Long distance parenting can be a challenging situation. It’s hard being separated from your kids, and the distance can lead to resentment and friction with your co-parent. Regardless of your custodial status, here are a few tips for making long distance parenting work.
- Have a good parenting plan in place. One of the first things to establish is a custody agreement with a solid parenting plan. Having this in place from the beginning will help you avoid conflict between you and your co-parent by creating a written plan for you both to follow. A well-thought-out parenting plan will establish everything from a schedule of when you each have parenting time with your child and to how you share the holidays with your child, to who is responsible for making decisions regarding your child’s health and education.
- Split the time fairly. As you negotiate the parenting plan with your co-parent, it’s important to remember that long distance parenting has some disadvantages. In Arizona, however, decisions are made in the best interests of the child, and the courts believe that in most cases, it’s in the child’s best interests to maintain relationships with both parents. To this end, efforts should be made to divide the time as fairly as possible between the two parents, without disrupting the child’s need for stability and to be in school. In most long distance parenting arrangements, the child stays with one parent while in school, spends school vacations with the other parent, and alternates holidays between the two parents.
- Stay in touch with your child. Whether you have your child during the school year or during school vacations, it’s important to stay in touch with your child year round. Most long distance parenting plans support and even encourage parents to talk to their children frequently while the other parent has physical custody. Especially if you only see your child during school vacations, regular communication will help to maintain a strong relationship throughout the rest of the year.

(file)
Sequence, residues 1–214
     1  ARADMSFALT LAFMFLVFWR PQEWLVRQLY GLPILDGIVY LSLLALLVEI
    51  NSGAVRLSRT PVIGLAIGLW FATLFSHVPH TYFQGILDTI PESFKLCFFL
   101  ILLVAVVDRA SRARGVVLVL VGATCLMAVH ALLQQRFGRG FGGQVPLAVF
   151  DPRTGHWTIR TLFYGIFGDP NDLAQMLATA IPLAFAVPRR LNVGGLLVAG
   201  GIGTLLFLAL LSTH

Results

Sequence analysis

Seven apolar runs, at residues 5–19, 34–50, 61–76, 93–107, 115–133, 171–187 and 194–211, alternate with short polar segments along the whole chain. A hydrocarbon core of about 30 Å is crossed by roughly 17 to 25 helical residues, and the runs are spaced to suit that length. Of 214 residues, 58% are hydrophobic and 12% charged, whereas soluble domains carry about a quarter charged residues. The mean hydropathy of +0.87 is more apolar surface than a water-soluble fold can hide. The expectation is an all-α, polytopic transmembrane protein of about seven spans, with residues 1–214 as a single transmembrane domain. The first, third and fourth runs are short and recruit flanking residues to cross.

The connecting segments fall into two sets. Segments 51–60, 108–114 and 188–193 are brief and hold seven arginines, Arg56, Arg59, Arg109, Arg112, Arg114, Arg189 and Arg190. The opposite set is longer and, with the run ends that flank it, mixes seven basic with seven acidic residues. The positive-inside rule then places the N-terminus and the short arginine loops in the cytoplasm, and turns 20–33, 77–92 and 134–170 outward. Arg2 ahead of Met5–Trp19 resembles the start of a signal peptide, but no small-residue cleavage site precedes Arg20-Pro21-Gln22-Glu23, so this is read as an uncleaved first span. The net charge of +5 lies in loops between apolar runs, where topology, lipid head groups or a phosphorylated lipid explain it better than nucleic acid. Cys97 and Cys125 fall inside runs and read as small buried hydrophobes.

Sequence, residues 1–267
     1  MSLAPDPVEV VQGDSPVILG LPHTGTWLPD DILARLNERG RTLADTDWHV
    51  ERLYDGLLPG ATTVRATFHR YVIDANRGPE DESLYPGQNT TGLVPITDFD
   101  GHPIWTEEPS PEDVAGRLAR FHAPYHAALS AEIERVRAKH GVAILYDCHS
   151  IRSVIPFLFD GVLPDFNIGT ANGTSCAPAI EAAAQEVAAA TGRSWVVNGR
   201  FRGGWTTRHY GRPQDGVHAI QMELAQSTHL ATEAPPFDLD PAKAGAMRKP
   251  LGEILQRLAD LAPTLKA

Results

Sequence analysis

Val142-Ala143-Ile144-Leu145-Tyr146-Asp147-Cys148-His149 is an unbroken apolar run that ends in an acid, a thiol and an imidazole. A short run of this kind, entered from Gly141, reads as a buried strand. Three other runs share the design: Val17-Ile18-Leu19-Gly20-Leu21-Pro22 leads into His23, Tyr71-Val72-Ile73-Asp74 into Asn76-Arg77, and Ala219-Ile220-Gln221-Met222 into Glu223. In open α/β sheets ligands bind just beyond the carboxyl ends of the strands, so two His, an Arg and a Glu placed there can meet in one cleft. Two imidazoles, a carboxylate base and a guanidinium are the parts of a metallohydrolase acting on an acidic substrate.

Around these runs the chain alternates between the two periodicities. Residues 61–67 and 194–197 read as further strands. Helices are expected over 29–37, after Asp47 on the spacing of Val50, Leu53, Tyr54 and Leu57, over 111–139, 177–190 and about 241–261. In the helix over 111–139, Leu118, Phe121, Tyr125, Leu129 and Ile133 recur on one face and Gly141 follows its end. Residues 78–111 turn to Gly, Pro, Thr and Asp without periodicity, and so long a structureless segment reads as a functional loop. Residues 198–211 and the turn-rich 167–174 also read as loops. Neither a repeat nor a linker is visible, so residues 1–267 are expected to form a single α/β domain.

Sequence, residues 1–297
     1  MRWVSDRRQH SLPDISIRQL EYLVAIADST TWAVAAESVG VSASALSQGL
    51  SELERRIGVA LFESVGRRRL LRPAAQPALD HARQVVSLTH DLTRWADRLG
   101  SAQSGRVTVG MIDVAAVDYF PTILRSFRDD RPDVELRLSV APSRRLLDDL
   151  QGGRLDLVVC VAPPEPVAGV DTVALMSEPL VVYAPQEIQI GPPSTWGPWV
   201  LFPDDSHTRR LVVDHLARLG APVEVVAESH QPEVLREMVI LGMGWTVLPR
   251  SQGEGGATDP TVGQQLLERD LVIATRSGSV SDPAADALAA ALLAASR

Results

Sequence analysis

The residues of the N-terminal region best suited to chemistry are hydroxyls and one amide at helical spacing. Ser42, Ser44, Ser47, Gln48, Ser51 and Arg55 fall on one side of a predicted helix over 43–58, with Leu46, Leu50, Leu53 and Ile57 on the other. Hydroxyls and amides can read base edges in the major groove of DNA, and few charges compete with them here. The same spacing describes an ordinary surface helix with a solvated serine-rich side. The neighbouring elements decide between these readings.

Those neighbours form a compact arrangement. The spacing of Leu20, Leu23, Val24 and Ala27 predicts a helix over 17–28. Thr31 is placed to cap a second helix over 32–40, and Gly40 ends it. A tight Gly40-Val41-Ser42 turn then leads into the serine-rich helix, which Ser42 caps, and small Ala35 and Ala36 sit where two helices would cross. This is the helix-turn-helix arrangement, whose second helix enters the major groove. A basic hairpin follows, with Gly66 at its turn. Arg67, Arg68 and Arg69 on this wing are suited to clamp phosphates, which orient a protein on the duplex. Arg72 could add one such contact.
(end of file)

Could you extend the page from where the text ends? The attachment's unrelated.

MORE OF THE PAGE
- Take advantage of technology. Fortunately, modern technology provides a lot more opportunities for long distance parents to stay in touch than they used to have. Long distance phone calls aren’t as expensive as they used to be, plus there are many options for video conferencing so that you and your child can feel like you’re talking more “in person.” Even adult-supervised social media apps, such as Messenger Kids, provide a way to stay in more regular contact with your child.
- Communicate with your co-parent. Of course, your child isn’t the only one you need to stay in touch with. Good communication with your co-parent will help make the entire situation more sustainable for both parents. Especially if you are required to make decisions together, talking regularly will help keep the long distance parent in the loop and prevent the primary caregiver from feeling like they’re doing it all by themselves.
Setting up a long distance parenting agreement can be a delicate process, and many co-parents need the assistance of attorneys. Professional input and guidance helps by taking the emotion and conflict out of the negotiations as much as possible. For more information about our services or to schedule a consultation, contact Simon Law Group, PLLC, today.